If you’re as riddled with anxiety as I am, you’ve spent plenty of time thinking about how the world will end. There are enormous underground volcanoes that could erupt and block out the sun. There are super-plagues that could spread across an entire population in hours and asteroids that could hit Earth. There are all the causes of global warming that could just… keep on doing what they’re doing.
And those asteroids? They can just thwack the earth at any moment, and then it’s goodbye all life on the planet.
For the anxious, that’s a horror story. But for the curious? That’s a choose-your-own-adventure. Because while we intuitively know we would die, we don’t know for sure how we’d die.
But the folks over at Vox dug up a study that explains what exactly would happen to our puny human bodies if our planet was struck by a space-rock the size of Texas. Let’s find out what would go down.
Knowing that something is unlikely isn’t the same as knowing it can not happen. That’s why the worriers among us are much more afraid of asteroids than we are of, say, Jason Voorhees. Asteroids are real, unlike hockey mask-clad killing machines.
My therapist has, time and time again, labeled this an intrusive thought, but when I’m driving down the freeway, I can’t help but think about how I’d feel if I looked into the sky and saw an asteroid hurdling towards me.
Hollywood knew this specific scenario would frighten us to our core! Honestly, I think the film industry for making at least Armageddon, which depicted the people of earth conquering the asteroid and continuing to exist so Ben Affleck and Liv Tyler had a planet on which to get married.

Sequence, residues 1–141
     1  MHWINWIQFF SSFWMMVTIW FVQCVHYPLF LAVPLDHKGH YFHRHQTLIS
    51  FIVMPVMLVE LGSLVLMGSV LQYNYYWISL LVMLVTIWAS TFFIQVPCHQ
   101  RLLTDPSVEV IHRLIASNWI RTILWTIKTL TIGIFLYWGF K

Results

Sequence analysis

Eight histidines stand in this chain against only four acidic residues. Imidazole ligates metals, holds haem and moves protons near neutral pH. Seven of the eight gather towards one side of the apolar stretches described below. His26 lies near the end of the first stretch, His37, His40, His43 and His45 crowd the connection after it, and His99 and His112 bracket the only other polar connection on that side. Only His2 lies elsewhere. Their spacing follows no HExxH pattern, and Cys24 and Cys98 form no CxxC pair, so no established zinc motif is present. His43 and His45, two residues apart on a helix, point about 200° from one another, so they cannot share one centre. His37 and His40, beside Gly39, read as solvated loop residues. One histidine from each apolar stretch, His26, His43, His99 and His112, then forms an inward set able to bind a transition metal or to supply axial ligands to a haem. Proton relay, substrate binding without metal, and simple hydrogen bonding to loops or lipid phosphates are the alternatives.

We’ve been talking about the sudden eradication of all life on the planet for a minute now, so sorry if your heart rate’s spiking a bit.
So much of fear is uncertainty, so we really do owe Vox a debt of gratitude for digging in and finding this 2017 analysis from Geophysical Research Letters that spells out what would happen to our poor human bodies in an asteroid strike.
Because then you’d die by crushing. That one’s obvious.
If you’re walking past a moving crew lifting a piano into an apartment when the rope snaps and the piano falls, you’ll survive if you avoid being hit. But somehow, an asteroid hitting the ground is thought to bring about mass extinction. So what’s the difference?
They explained this in Armageddon.
They say if the asteroid hits the water, it’ll “flash-boil millions of gallons of water,” “create a tidal wave three miles high,” and “half the world’s population will be incinerated by the heat blast and the other half will freeze to death from nuclear winter.”
I’m sorry, I know he’s very attractive, but I do not buy Liv Tyler falling for Ben Affleck. She seems like she’d be into, I don’t know, smarter guys. Professor types.
The Armageddon guy brought up the concept of a heat blast, and that sounds pretty scary. Maybe we’ll all be washed away in a wave of fire? That is the number one worst way to go.
Wait, no, if the asteroid hit the water and caused a massive tsunami, you’d first take the full force of the wave, which would be like getting hit by a 3,000-foot high car. And even if you survive, you drown. That would be the worst way to go.
Now I take it all back — what id the sun blocked out by a dust cloud rising from the impact zone? At least the fire and tsunami are quick — slowly starving to death over the course of years as the world gets colder and runs out of food would be, without question, the worst way to go.